Foods to avoid if you have gout
Gout is a common form of arthritis, or an extremely painful inflammation of the joints caused by a buildup of needle-sharp uric-acid crystals. An attack or "flare" can last for days or months, with the big toe being the most common target.
Like other forms of arthritis, the risk for gout increases as we get older: Men and obese people are at greater risk, as are post-menopausal women. Similarly, pre-existing conditions like diabetes (which affects an estimated 25% of Americans over the age of 60) and kidney disease (which affects about 1 in 5 men aged 65 and older and 1 in 4 women aged 65 and older) also increase the risk of gout.
If you're prone to gout, the foods you eat — and don't eat — play a key role in keeping your joints pain-free. Here are eight foods to avoid.
Cut back on seafood and meat during a flare-up, says Lona Sandon, PhD, an assistant professor of clinical nutrition at the University of Texas Southwestern Medical Center in Dallas.
These animal foods are rich in purines, which your body breaks down into uric acid. You have a little more freedom in your food choices when your gout is at bay, but it's still a good idea to keep meat and seafood intake to a minimum — 4 to 6 ounces daily at most.
Scallops and salmon are okay for an occasional indulgence.
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Whereas some types of seafood can be eaten once in a while, others — like herring, tuna, and anchovies — should be off the menu for those who have gout.
On the other hand, shrimp, lobster, eel, and crab are relatively safe, says Scott Zashin, MD, a rheumatologist and clinical professor of medicine at UT Southwestern.
Drinking beer is a double-whammy for gout-prone folks, Dr. Zashin says. Not only does it increase your uric-acid level, beer also makes it more difficult for your body to clear this substance from your system.
Turkey and goose are higher in purines than other types of food, so it's best to avoid them. And gout-prone people should also keep their intake of wild game to a minimum.
Chicken and duck are the safest choices, according to Dr. Zashin. However, leg meat is a better choice than a chicken breast with skin.
When it comes to purine content, white meat is generally better than red — still, it's okay to eat some types of red meat once in a while.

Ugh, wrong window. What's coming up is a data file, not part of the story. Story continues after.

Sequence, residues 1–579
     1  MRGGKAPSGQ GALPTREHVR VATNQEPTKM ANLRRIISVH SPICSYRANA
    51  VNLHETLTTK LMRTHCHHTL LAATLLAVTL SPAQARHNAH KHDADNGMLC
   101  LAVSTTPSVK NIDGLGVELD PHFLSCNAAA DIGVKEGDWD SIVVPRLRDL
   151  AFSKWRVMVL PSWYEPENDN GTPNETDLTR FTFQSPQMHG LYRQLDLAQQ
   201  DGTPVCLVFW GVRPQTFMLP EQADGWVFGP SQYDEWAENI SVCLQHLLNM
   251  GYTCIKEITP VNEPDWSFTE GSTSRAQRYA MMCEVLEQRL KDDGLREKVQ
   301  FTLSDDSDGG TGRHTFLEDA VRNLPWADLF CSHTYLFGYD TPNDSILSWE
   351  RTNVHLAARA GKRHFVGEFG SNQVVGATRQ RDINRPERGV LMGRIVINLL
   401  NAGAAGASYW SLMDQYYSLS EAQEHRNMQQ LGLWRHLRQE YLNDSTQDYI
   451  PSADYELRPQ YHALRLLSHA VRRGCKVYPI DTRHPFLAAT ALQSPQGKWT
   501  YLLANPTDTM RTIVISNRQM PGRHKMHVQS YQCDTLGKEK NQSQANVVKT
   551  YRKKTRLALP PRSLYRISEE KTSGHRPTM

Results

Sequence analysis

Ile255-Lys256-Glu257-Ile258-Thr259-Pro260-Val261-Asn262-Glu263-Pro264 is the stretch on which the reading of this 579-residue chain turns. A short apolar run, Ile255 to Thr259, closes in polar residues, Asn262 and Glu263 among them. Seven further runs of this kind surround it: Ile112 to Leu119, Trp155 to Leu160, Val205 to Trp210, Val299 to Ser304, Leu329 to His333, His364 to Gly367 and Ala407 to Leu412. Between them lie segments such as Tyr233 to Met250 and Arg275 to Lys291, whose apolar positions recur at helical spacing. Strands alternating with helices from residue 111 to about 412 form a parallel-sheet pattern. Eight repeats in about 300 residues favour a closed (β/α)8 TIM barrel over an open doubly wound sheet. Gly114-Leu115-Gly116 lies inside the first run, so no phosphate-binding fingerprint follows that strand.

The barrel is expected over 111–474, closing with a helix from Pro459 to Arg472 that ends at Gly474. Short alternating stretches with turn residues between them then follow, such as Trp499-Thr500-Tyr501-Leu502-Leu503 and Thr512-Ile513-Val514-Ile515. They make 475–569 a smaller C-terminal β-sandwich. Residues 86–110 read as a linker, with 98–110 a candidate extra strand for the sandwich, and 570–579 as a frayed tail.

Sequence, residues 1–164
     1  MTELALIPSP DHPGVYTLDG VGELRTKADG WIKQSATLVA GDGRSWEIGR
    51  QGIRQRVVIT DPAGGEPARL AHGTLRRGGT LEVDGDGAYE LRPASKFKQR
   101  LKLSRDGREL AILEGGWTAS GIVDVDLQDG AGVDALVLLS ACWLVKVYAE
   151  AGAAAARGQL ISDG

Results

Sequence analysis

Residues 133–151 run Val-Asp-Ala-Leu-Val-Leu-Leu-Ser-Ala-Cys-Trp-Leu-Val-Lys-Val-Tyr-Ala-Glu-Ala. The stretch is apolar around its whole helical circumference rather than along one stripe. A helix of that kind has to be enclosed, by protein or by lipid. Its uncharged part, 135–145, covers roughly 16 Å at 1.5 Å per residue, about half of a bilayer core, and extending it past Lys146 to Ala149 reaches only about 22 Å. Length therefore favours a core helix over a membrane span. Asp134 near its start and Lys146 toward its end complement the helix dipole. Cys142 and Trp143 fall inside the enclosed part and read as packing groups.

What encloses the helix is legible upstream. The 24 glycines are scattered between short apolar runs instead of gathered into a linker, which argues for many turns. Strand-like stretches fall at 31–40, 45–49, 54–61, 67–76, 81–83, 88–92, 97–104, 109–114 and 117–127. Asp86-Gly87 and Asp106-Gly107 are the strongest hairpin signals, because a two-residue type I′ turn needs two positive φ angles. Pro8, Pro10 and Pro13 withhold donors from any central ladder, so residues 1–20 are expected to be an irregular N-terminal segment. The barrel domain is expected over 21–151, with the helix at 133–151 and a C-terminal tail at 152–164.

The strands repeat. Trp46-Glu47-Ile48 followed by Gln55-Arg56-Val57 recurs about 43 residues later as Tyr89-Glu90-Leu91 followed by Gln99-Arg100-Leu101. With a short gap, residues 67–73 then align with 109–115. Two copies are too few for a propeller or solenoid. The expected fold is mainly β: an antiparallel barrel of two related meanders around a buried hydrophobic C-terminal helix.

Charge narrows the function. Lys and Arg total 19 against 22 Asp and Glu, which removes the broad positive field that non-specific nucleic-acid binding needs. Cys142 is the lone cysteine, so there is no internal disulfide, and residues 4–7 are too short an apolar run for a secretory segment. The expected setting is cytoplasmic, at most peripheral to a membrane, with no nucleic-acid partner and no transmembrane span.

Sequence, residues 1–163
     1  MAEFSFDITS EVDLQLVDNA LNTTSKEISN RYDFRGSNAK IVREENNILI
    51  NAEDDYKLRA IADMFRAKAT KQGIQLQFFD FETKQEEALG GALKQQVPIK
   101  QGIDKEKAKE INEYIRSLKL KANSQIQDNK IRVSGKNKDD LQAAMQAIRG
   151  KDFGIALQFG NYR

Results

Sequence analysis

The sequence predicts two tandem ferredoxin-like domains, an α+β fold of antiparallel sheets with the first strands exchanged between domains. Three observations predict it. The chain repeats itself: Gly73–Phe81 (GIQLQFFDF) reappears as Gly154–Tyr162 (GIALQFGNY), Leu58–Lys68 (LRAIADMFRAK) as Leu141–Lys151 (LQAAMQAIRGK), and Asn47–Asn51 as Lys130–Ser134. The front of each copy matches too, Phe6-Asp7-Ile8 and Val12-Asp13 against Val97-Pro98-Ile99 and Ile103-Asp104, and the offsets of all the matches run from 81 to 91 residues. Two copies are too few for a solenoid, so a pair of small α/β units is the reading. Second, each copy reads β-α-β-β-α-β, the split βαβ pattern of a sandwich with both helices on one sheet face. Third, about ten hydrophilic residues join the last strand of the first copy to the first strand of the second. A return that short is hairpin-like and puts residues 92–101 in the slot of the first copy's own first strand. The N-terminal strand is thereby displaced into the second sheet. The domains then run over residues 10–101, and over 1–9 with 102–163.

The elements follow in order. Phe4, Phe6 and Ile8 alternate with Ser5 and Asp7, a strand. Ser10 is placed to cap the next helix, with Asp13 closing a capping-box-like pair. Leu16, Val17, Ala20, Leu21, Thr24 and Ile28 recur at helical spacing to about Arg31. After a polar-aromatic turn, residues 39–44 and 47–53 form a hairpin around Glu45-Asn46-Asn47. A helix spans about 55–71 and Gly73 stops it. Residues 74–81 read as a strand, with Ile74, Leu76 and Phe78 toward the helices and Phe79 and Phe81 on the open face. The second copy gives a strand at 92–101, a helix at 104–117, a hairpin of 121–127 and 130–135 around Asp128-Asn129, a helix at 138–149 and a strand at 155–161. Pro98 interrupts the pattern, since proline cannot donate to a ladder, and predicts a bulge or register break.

You're a bit better off if your occasional indulgence is beef or pork rather than turkey or lamb, says Dr. Zashin. And lamb chops are a better choice than leg meat.
Avoid beverages sweetened with high-fructose corn syrup, such as non-diet sodas or "fruit" drinks. Downing these drinks isn't just an easy way to pack on pounds; the sweeteners will stimulate the body to produce more uric acid.
Organ meats, such as liver, kidneys, and sweetbreads, are a major no-no, according to the Arthritis Foundation.
Asparagus, spinach, and mushrooms are higher in purines than other vegetables — and at one time, experts thought people with gout should avoid them. Now, that thinking is changing: If you like these foods, there's no reason to avoid them completely, says Sandon.
"Certainly you wouldn't want to go wild with these high-purine vegetables, but they don't seem to be an issue like the meats are," she adds.
Plus, veggie-rich diets actually help you clear purines from the body, according to Sandon, and the body seems to have an easier time excreting purines from vegetable sources.
Feel like you're left with nothing to eat? Not true, experts say.
There are actually several types of foods that may help protect you against gout. These include low-fat dairy foods, whole grains, coffee, and fruits, especially citrus fruits. You should also be sure to get 12 to 16 cups of fluid daily.
You don't necessarily have to drink only water (although it shouldn't be beer!)—you can choose non-sweetened juice, tea, and coffee too.
"Any kind of fluid that keeps that blood flowing and urine flowing" is a good choice, says Sandon.
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